The Best Alternatives to Dairy Milk for Baking
There are more choices than ever when it comes to plant-based milk alternatives for baking.
It used to be that if you were vegan or lactose intolerant, you had very few options in the way of non-dairy milk. You usually had to settle for soy milk or nothing at all. The past few decades have seen many innovations in the area of non-dairy milk, with endless plant-based milks hitting the market. But which best milk alternatives for baking?
What are the best alternatives to dairy milk for baking?
There are many different dairy milk alternatives available today, though not all of them are suitable for baking. We will discuss a couple in the section below, but we'll skim over rice milk quickly first. According to Imperial Sugar, rice milk’s low protein content thinner consistency necessitates a thickening agent, which would only serve to complicate a baked dish, rather than enhance it.
According to Time Magazine, soy milk has the most protein compared to cow’s milk. With about 7 to 12 grams per each 8-ounce serving, one cup of soy milk is a perfect 1:1 replacement for dairy milk in many baking recipes. Soy milk’s high protein content actually makes it very good for baked goods that require structure like bread, muffins, or carved cakes. This added protein helps baked goods to brown nicely as well.
Almond milk might be the most popular non-dairy milk. It can also be used in a 1:1 ratio for dairy milk when it comes to baking and is nearly as high in vitamins and nutrients as the aforementioned soy milk, though it does not contain as much protein. It does, however, contain more water, which can evaporate quickly during baking, allowing baked goods to rise and set more quickly.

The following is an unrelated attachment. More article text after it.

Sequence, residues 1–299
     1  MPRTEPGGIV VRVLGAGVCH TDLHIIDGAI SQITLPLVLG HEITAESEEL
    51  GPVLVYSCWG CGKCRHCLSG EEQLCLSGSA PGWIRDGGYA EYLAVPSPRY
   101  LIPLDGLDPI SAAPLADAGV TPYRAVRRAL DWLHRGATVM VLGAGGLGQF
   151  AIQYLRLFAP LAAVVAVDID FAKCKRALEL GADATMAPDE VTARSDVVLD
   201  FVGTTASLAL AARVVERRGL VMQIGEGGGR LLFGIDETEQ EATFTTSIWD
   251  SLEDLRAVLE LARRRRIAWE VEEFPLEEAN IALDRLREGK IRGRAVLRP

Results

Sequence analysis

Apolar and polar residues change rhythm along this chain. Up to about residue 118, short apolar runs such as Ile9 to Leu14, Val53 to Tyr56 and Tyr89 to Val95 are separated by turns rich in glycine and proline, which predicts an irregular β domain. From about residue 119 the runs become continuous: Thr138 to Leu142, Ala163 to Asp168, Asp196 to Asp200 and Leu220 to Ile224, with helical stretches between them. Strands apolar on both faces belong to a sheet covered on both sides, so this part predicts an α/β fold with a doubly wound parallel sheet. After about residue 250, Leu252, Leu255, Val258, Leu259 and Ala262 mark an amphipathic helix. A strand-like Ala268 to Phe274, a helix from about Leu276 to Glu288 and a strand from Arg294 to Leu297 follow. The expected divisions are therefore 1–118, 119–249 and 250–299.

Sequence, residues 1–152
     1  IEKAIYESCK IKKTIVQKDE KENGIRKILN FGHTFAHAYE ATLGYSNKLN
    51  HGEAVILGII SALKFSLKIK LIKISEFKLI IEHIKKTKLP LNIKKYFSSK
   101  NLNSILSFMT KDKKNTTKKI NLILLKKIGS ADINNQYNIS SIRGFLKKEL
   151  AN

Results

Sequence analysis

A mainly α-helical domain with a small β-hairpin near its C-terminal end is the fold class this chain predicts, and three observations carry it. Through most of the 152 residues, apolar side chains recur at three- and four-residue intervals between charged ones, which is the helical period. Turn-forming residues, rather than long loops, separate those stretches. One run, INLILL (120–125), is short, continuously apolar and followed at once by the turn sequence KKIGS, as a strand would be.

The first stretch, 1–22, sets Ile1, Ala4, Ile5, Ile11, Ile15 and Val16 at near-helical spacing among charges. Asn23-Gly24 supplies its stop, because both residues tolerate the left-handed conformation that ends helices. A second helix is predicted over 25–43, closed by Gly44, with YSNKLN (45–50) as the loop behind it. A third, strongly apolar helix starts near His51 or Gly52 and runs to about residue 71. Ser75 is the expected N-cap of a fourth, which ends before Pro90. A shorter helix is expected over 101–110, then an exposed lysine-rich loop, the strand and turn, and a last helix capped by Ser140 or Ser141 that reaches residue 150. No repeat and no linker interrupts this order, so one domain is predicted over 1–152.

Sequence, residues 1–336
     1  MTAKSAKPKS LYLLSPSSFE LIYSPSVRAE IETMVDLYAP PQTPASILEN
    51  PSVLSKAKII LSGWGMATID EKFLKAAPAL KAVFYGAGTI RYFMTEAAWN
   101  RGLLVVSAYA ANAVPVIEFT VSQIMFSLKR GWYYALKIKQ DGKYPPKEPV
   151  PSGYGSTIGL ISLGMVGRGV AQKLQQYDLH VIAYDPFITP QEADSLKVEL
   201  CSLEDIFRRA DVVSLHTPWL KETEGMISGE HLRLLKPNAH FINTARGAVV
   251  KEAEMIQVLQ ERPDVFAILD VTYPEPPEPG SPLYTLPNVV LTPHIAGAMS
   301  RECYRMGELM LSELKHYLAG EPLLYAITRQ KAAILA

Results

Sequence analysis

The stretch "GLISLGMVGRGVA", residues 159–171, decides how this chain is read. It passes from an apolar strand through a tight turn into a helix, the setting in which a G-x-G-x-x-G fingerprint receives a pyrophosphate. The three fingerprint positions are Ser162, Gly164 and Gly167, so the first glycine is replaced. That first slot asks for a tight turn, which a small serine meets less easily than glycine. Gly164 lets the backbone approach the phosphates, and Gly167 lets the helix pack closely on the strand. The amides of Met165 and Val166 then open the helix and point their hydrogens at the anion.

Note that unsweetened almond milk has zero sugars, so if you want something to mimic the slightly sweet taste of dairy milk, look for “low sugar” or “lightly sweetened” varieties in the grocery store.
Cashew milk is almost exactly like almond milk in terms of protein, though it is a bit creamier thanks to the added fat and naturally occurring sugars. According to Dixie Crystals, this added fat will result in darker, drier baked goods if you’re not careful.
This one is a personal favorite of mine. If you share my love for the taste of coconut, then coconut milk is the dairy-free replacement you’ve been searching for. Canned coconut milk is available at most grocery stores and contains enough fat, protein, sugar, and flavor to amp up any vegan dessert. It’s also a fine replacement for heavy cream in many baked goods and can even be whipped into good ol’ fashioned whipped coconut cream.
Oat milk is a popular new dairy milk alternative that has made some headlines in the past few years, and there are many reasons why. It’s delicious, creamy, nutritious, and more sustainable than almond milk, according to Allrecipes. Oat milk can be used as part of a 1:1 ratio in place of cow’s milk but might result in a gummy texture and slightly grainy flavor when added to baked goods. This effect can be countered by using “full fat” oat milk instead.
Hemp milk is an unusual one. Many readers might not even be familiar with it, in fact. Hemp milk is thick and creamy like dairy milk, but it has a fairly strong flavor, which makes it more suited for savory dishes rather than sweet. Still, its protein content is second only to soy milk, so enriched doughs will be happy with the structure and browning hemp milk lends to the baking process.
Non-dairy milk alternatives are a great way to add a vegan-friendly flair to any dessert. The best part is since most of them work on a 1:1 ratio to cow’s milk, you can get away with using whichever non-dairy milk you prefer. Tastes and names may vary, but your dessert will be just as sweet in the end.